“I personally think that every time I do another one I feel more and more prepared” said Schmitt. She explained that the first time she went she didn’t know what to expect. She’s learned important lessons such as packing her bag properly so it’s easy to access her necessities in the field, or even waterproofing all of her belongings.

FullSizeRender-1 15.54.38

Cadet Schmitt, on the right, posing with Cadet Brehm under a poncho tent.

All of Schmitt’s hard work in training will be put toward the summer which she will spend at Fort Knox in Kentucky, participating in a 37 day training camp that will test her on everything that she’s learned in ROTC.

Besides from the FDX trip that takes place every semester, Schmitt gains practice by attending physical training three days a week at 6:15 in the morning.

She is also required to take a Military Science course that helps her develop leadership abilities, and teaches her important knowledge that she will need once she is commissioned into the army.  

Schmitt is already planning for the future, as she’s signed a contract into the army, requiring her to serve for four years. Once she graduates in May, she will be commissioned as a second lieutenant.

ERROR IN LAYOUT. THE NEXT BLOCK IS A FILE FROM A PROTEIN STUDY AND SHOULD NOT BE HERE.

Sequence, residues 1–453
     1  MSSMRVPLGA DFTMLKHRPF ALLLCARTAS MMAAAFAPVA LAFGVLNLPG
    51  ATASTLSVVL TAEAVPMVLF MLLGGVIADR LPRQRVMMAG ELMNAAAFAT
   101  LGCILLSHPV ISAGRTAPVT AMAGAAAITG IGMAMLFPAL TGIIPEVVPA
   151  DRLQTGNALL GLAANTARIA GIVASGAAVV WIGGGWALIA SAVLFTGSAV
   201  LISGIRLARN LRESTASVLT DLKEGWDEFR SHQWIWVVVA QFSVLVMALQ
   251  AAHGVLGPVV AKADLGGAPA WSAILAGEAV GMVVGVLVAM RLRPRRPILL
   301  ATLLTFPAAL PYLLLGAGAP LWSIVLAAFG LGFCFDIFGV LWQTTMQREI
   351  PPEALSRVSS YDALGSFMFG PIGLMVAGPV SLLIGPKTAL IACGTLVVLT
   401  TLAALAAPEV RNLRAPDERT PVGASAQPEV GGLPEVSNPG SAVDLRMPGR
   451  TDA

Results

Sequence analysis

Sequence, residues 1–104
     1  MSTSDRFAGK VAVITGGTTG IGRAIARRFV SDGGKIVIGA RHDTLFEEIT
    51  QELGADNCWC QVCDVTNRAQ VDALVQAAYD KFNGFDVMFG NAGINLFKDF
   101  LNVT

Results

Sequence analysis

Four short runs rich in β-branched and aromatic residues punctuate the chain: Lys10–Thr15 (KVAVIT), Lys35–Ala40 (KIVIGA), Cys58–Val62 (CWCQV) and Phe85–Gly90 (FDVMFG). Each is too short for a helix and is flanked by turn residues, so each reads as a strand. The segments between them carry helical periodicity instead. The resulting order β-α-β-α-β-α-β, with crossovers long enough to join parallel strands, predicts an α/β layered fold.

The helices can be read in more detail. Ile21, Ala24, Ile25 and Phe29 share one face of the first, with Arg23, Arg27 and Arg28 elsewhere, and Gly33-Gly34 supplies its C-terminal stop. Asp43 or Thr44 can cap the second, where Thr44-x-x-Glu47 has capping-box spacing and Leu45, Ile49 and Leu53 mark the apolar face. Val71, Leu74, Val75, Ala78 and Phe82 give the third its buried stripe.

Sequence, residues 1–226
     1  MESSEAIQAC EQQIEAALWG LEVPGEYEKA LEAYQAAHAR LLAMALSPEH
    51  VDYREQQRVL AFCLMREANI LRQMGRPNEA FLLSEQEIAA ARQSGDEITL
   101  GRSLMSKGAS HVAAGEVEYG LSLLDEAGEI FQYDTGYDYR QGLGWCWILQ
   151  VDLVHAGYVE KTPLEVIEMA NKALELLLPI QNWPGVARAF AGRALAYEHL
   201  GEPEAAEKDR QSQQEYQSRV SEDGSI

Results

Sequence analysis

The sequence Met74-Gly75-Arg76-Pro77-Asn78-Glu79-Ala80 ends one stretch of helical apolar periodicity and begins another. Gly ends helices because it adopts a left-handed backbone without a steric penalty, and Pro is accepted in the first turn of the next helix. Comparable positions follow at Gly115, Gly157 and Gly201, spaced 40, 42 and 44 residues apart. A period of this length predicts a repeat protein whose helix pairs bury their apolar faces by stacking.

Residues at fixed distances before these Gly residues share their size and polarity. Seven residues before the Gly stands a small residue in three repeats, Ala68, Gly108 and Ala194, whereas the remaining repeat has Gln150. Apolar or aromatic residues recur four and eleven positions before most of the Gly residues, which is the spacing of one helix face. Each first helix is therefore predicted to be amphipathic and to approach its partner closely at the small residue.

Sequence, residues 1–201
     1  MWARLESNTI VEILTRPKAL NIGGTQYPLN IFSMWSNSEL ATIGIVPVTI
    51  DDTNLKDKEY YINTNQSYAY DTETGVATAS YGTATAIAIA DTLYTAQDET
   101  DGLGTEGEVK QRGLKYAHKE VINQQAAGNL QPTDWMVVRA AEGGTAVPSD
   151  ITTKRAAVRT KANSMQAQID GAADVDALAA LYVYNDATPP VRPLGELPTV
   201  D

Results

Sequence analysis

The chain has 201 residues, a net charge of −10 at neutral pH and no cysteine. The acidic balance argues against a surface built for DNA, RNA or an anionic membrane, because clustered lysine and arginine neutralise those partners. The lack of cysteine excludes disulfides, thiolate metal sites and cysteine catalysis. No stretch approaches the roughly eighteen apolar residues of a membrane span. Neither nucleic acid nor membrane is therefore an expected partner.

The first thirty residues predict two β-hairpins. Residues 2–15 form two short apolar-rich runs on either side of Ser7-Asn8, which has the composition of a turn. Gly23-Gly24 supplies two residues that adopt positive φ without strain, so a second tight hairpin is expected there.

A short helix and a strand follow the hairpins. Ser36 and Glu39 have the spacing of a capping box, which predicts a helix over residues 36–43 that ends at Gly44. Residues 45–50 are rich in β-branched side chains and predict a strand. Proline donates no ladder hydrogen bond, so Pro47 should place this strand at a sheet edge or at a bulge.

She will eventually pick which area she prefers to go into, and she’s hoping to get military intelligence, which entails collecting and analyzing information in order to guide and assist commanders.

Schmitt stated that she will decide later on whether or not she will stay in the army for longer than four years. However, after she serves, she would like to own her own business or work with international logistics.

For now, Cadet Schmitt is working hard in her classes and focusing on her ROTC program, which she really enjoys.

Schmitt commented on the close dynamic between the members of Marist ROTC. “I love it. We’re a big family. I always have their back and they always have mine.”


Members of Marist’s ROTC Program.

Silberstein Inspires at the 29th Annual Holocaust Remembrance

Michael Silberstein

Michael Silberstein

Moments of silence and disbelief were experienced in the Nelly Golletti Theater on April 19 as the Marist College community remembered those lost in the Holocaust during the 29th Annual Holocaust Remembrance.